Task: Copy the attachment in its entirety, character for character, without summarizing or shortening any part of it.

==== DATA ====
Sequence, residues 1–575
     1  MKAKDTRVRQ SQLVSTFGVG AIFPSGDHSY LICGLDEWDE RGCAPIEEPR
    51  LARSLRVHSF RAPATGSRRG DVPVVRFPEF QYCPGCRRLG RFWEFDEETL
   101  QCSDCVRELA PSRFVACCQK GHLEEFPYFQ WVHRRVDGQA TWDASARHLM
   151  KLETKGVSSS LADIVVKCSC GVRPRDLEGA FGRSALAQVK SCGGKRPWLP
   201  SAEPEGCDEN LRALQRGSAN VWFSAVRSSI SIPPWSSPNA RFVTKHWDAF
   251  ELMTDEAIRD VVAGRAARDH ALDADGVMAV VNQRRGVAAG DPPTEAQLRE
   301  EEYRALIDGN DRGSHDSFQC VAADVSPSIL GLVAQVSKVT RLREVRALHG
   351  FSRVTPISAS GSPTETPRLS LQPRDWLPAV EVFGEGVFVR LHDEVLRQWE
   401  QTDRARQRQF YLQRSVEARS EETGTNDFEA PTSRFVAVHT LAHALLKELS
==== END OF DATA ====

Sequence, residues 1–575
     1  MKAKDTRVRQ SQLVSTFGVG AIFPSGDHSY LICGLDEWDE RGCAPIEEPR
    51  LARSLRVHSF RAPATGSRRG DVPVVRFPEF QYCPGCRRLG RFWEFDEETL
   101  QCSDCVRELA PSRFVACCQK GHLEEFPYFQ WVHRRVDGQA TWDASARHLM
   151  KLETKGVSSS LADIVVKCSC GVRPRDLEGA FGRSALAQVK SCGGKRPWLP
   201  SAEPEGCDEN LRALQRGSAN VWFSAVRSSI SIPPWSSPNA RFVTKHWDAF
   251  ELMTDEAIRD VVAGRAARDH ALDADGVMAV VNQRRGVAAG DPPTEAQLRE
   301  EEYRALIDGN DRGSHDSFQC VAADVSPSIL GLVAQVSKVT RLREVRALHG
   351  FSRVTPISAS GSPTETPRLS LQPRDWLPAV EVFGEGVFVR LHDEVLRQWE
   401  QTDRARQRQF YLQRSVEARS EETGTNDFEA PTSRFVAVHT LAHALLKELS